Marketing, design, and technical resources for making your digital and print communications more effective.
January 16th, 2011
Have you just deployed a new Website that includes a significantly different site structure, file names, and/or file extensions? There are a few basic “housekeeping” tasks that should be performed to insure that indexed pages (in the case of search engines) and bookmarked pages (in the case of users) will not be returned with “Page not found” errors.
The digital Change of Address Notification
301 redirects are the best method for telling the world that a previous web page name and/or extension have been replaced by a different page. Think of a 301 redirect like digital equivalent of forwarding your USPS mail when moving to a new physical address. It instantly forwards an old URL to the newer replacement URL. With a 301 redirect, the server is configured so that when a search engine or user follows a link they have previously bookmarked, the server recognizes that URL as an old page and automatically redirects the user to the new page. For example we have the following URL set to redirect using this method: http://risingline.com/creative_samples.htm (notice the URL of the actual page you end up on is completely different).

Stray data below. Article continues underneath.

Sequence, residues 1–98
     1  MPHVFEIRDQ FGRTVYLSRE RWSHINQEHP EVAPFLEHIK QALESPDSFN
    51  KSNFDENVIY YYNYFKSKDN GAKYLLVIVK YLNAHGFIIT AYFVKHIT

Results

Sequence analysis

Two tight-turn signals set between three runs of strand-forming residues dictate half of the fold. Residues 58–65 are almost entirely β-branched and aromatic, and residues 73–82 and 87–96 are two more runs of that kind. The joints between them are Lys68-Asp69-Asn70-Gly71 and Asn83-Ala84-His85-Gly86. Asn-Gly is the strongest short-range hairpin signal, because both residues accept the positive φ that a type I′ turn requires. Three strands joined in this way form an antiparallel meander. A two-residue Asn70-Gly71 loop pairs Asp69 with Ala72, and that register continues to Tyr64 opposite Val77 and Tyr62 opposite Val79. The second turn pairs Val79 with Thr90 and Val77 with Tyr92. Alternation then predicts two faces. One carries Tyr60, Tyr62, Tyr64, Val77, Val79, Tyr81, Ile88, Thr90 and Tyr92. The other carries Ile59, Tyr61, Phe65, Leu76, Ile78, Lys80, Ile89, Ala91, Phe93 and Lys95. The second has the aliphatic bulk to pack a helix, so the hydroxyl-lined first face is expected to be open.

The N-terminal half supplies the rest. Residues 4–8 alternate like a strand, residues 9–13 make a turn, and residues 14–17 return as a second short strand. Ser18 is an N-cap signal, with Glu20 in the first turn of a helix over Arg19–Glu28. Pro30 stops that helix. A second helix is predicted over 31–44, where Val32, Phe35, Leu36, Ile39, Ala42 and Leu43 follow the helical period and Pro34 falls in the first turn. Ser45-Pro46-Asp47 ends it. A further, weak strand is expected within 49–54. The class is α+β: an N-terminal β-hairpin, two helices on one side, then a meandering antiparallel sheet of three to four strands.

301 Redirets are also useful for creating more descriptive and memorable URLs in marketing campaigns. For example, we found ourselves directing people to a particular page on our Website quite often during phone conversations. Rather than having to relay the page name with its dash and “.php” extension we just created a shorter 301 redirect; so now we just have to say or type “http://risingline.com/why” instead of “http://risingline.com/web-sites.php“. This URL is much more effective and memorable for verbal and written communication yet allows us to retain our file name “web-sites” which is more desirable for SEO purposes.
November 15th, 2010
Google’s ability to “see” text content and links within Flash sites has dramatically improved as a recent post on Google’s Webmaster blog highlights. It used to be that any content and links embedded within Flash were like black holes in terms of visibility and accessibility to Google. However, starting a couple years ago, Google has developed the ability to overcome this limitation and it can now index and follow buttons, menus and hyperlinks coded within Flash.
This is definitely good news, but it’s not a green light to go out and develop you entire Website in Flash. In fact, our strategy for utilizing Flash within Websites has not changed from when it was not viewable at all by Google . . . we never create a self contained Flash Website but rather use Flash selectively as an option for dynamic content to be embedded within a rich HTML Website framework. This helps insure a optimal environment for Website performance, accessibility, usability and SEO.
Use Flash with Caution
One of the biggest caveats for using Flash at all is the hatred that Steve Jobs seems to have for the medium. He is adamant about keeping Flash from working at on the iPhone and IPad which as you know have significant and rapidly growing market share within a high-value demographic. In fact, he personally posted a manifesto against the use of Flash on the Apple Website which is oddly captivating to read.